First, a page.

The average mpg for the gen3 Prius here runs from 48 to near 50. Consumer Reports got only 44 average, and only 35 for their city portion, which should have been the best number. The only time I came close to fuel economy that low in a gen2 was while doing 90+mph on an interstate. CR must flog their test cars as badly as any writer at Motor Trend, Car and Driver, and the rest of the automobilephile mags. Most drivers on the road do not drive that way.
The real problem with CR, and other magazine, testing is that it is not comparable between models while being presented as it is. Achievable or not, the EPA and other standard tests are repeatable, which allows a comparison of car A's to car B's fuel economy. That can't be done with CR because the car's may have been tested at different times of the year, under different weather conditions, with different fuel blends.
Yes hybrids are difficult to test as there are so many varients involved. With a gas or diesel car, you know you're going to be burning gas or diesel for the whole trip so results may be predictable. Im just wondering how the new range of plug ins that have ratings of anywhere from 155 MPG to 470 MPG are going to come out in the real world.
I remember Top Gear doing a silly test in a BMW M5 Vs a Prius. The prius was driven as fast as possible around the track, and the BMW had to keep up. The 4.0 litre BMW got 22 MPG, the prius got 19 MPG. A pointless test, but interesting none the less!
Well finally Audi is releasing the World's first plug in diesel hybrid. With a total of almost 400 HP, and official fuel consumption of 166 MPG, I think this car makes more sense than a gas hybrid. The diesel engine will be great for highway cruising, whilst the electric motor should be very efficient in urban environments. More info here:
Volvo came out with a plug in diesel a few years ago, so Audi isn't the first.
A diesel should do better than a gas on the highway, but they produce torque on the low end. This means more overlap with the electric motor on when which one is the best to use. A gasoline engine's output synchs up better to the motor. But there is a turbo gas(VW) and super charged(Nissan) hybrid system out there.
The hold back on diesel hybrids is simply cost. The engine and its emission controls weigh and cost more than the gas equivalent. The hybrid components add weight and cost. Combined the cost becomes unattractive to buyers.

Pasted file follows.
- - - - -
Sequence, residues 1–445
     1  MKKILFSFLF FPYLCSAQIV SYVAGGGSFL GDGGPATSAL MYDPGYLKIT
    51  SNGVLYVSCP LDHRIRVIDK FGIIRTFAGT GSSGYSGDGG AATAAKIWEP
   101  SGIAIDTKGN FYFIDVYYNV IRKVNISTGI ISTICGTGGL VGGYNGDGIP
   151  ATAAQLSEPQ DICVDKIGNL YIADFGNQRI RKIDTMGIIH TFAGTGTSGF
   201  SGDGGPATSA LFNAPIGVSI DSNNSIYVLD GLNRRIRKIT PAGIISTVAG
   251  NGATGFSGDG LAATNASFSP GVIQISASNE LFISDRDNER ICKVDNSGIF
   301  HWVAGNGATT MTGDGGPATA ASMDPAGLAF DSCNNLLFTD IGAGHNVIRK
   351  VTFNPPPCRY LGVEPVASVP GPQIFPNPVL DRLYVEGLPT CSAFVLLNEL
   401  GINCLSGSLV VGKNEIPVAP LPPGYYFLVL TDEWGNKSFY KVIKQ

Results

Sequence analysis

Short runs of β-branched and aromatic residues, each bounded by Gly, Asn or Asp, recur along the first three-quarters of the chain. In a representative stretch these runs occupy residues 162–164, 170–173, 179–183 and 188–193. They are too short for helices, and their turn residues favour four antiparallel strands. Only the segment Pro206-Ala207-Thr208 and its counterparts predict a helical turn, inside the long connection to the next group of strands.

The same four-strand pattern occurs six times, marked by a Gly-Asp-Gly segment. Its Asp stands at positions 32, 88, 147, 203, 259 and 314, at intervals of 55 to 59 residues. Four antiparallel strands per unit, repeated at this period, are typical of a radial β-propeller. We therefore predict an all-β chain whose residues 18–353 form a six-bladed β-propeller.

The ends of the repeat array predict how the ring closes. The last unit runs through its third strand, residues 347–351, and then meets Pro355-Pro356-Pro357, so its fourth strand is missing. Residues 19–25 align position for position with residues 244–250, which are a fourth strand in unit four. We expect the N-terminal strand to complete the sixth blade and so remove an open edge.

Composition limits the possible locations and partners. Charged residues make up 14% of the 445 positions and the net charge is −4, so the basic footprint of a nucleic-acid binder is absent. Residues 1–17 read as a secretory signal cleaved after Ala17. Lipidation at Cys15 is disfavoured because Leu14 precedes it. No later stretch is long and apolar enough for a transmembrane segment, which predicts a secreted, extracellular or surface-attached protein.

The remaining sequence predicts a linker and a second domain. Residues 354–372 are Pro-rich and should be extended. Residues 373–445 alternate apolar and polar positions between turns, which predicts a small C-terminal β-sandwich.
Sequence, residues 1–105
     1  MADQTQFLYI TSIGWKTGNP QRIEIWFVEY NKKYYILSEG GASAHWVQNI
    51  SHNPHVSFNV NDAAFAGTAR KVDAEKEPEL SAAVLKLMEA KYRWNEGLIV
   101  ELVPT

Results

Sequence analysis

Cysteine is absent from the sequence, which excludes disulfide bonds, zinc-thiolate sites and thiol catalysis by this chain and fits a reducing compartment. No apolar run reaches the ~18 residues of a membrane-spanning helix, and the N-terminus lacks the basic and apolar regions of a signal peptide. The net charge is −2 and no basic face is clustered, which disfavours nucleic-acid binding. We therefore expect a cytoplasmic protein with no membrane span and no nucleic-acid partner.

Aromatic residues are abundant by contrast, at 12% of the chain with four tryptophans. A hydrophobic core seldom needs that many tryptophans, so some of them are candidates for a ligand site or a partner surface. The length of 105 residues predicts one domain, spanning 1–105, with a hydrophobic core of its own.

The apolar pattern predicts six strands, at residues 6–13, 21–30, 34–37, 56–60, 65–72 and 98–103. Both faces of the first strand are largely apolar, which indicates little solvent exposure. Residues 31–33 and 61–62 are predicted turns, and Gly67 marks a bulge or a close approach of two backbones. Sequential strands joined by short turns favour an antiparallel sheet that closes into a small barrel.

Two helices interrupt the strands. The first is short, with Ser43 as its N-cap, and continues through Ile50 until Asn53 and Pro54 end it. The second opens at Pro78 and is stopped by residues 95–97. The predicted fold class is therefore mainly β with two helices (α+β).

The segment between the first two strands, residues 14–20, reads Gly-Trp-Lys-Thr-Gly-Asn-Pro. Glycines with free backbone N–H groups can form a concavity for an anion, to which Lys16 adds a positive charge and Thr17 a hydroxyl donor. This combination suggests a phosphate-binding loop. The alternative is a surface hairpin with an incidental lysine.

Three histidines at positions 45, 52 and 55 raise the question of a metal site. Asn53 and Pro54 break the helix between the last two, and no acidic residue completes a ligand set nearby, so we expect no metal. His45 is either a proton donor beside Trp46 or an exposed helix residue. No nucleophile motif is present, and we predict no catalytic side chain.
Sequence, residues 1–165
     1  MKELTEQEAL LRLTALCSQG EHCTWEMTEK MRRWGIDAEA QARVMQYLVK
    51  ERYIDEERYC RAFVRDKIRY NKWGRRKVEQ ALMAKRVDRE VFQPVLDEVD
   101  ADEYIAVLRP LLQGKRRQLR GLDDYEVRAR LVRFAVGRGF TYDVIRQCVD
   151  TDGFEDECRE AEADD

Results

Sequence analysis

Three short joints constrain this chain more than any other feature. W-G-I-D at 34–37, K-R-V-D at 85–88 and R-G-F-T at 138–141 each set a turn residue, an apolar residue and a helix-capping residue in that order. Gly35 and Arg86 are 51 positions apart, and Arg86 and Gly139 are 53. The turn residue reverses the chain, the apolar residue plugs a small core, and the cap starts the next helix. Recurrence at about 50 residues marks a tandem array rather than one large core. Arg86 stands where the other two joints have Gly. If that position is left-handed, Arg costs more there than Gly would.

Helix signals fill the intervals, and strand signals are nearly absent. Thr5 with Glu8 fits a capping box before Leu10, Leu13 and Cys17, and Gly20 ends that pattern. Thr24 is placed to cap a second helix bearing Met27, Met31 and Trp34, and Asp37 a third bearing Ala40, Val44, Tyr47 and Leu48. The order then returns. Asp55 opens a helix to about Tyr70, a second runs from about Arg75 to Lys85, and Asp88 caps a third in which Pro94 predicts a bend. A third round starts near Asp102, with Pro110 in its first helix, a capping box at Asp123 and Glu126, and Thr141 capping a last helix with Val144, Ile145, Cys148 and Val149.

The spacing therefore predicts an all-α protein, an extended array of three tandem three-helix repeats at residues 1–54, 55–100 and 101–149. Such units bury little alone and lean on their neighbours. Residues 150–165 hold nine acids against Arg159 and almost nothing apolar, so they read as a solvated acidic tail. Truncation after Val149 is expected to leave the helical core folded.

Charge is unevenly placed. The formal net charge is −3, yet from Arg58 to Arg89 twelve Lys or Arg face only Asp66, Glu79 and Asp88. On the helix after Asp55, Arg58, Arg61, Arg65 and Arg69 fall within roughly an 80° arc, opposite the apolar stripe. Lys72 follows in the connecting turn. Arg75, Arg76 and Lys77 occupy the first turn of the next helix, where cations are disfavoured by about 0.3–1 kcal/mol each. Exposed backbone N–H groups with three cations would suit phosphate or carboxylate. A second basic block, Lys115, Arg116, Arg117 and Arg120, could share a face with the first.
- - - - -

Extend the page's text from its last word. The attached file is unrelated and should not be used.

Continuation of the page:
The increased cost for a plug in's battery bumps up the extra premium, but makes the diesel cost an overall smaller portion of it. So a diesel PHV may be successful. Volvo's has been, and more so than expected.
I don't think this Audi has been ruled out for the US yet, but our higher diesel prices work against it.
Yea sure, but as you've said before, these premium expensive hybrids are more to do with status, it probably costs 3 or 4 times more than a small gas non hybrid car, but if it makes wealthy people feel like they are saving the planet, then fair enough!
The weight is an issue like you say, even with the extreme measures theyve atempted, the car still weighs 2 tons.
Yes, I agree with Dragflag, fuelly gives a very realistic expectation of the mpg range a particular vehicle may have. I do not think there is a better way of measuring end user mpg than social media data gathering from sources like fuelly.
Been hearing some scary stories recently for the newer hybrids. The BMW i8, a design and engeneering masterpiece in my opinion, yet when Top Gear presenter Jeremy Clarkson took it on a 400 mile trip recently, he averaged just 31 MPG. That might not sound bad for a "hybrid supercar" that does 0-60 in just over 4 seconds, but compare it to the test cycle, and it's out by about 100 MPG!
Another auto journalist tested the Mitsubishi Outlander hybrid recently too, rated at 148 MPG, and again, it got a dissapointing 47 MPG.
If there's ever a time to change the EU test cycle, its now, how they can quote these figures and use them as the main selling point, it's almost criminal!